The whole time I was growing up, my parents had a mantra. I’m one of four kids, and my parents tried to convince us that we were best friends. It was a tough sell, especially since I’m the oldest by four years, and growing up my attitude was that my next closest sibling was a smart aleck boy, and the other two were big babies.
Ripped my painstakingly crafted paper flowers. “That’s your brother. You are best friends.”
Followed me around copying everything I did. “That’s your sister. You are best friends.”
Threw a temper tantrum and wouldn’t stop knocking into stuff in the basement family room. “That’s your brother. You are best friends.”
Their point was to instill in us an appreciation for each other. We weren’t going to get out of interacting with one another, and there was a long-range vision at work — they wanted us to see that we would be in each other’s lives for just that — our entire lives — and we should see one another for our fun individual personalities.
This may seem an obvious truth, but the idea of being friends rather than only siblings widens the scope of interactions. It creates an expectation of enjoyment and of knowing each other more than just an obligatory way (“We’ve got to see them at Thanksgiving…hrumph, huff, puff.”). You trust in friends, you rely on friends, you like your friends. And planting the idea that siblings can be friends as well as brother and sister, it communicates something about the kind of relationship my parents had with their siblings, as well as what they hoped for their own children.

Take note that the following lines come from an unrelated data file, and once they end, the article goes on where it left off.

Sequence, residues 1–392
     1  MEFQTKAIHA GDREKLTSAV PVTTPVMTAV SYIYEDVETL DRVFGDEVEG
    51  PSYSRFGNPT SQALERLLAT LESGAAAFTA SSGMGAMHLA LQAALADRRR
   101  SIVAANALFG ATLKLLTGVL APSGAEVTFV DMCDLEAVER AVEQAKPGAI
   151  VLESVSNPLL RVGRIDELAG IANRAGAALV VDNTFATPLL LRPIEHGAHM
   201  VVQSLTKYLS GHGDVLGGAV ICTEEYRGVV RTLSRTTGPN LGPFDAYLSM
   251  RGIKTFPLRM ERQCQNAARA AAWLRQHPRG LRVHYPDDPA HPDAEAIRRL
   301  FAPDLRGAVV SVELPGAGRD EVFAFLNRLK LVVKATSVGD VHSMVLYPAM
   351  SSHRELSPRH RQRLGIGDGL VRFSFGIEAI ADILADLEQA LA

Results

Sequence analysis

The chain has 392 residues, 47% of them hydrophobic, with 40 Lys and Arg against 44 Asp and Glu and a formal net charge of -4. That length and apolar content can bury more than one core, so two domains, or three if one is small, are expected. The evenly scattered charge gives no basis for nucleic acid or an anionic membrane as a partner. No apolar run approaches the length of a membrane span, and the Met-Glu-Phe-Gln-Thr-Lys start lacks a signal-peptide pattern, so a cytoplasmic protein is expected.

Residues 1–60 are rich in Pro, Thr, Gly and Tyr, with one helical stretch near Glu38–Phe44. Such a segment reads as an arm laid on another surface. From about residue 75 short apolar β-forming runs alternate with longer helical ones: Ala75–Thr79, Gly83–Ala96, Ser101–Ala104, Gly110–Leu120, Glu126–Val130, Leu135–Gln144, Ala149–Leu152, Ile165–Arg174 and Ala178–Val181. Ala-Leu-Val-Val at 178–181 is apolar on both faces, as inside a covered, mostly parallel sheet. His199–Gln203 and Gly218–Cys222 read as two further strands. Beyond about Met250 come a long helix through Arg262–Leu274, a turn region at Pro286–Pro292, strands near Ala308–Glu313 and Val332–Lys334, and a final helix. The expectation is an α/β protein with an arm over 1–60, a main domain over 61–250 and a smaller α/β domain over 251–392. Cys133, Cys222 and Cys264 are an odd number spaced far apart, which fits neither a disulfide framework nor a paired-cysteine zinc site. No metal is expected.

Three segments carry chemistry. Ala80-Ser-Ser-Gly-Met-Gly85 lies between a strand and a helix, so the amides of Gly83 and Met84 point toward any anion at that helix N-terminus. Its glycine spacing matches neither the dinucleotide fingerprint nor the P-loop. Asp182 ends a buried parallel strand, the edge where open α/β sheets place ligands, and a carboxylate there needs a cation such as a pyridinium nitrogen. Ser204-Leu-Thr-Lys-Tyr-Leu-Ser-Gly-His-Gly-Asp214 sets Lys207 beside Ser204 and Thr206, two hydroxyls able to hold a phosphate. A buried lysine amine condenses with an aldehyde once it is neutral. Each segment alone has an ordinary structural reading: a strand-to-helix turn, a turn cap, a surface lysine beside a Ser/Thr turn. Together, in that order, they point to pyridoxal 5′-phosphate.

Happily, they were right, and my brothers and my sister and I are friends. We do enjoy each other’s company and especially in this season of learning how to live without our Dad, we are the only ones who truly “get it” about how hard this is. They are dear to me.
Now that we all have children of our own, I wonder how that “you’re best friends” mantra will play out for them. Looks like I’ve got a way to go to help my own kids to appreciate one another…
Today’s post is a link up with Five Minute Friday and Kate Motaung. Write for five minutes, no editing, no worrying, then link it up. You can read more posts at her site.
Question for you: do you get along with your siblings? Nobody’s perfect, of course, but if you desire a closer relationship with a sibling, is there one step you could take to foster that friendship? Can’t wait to hear from you in the comments!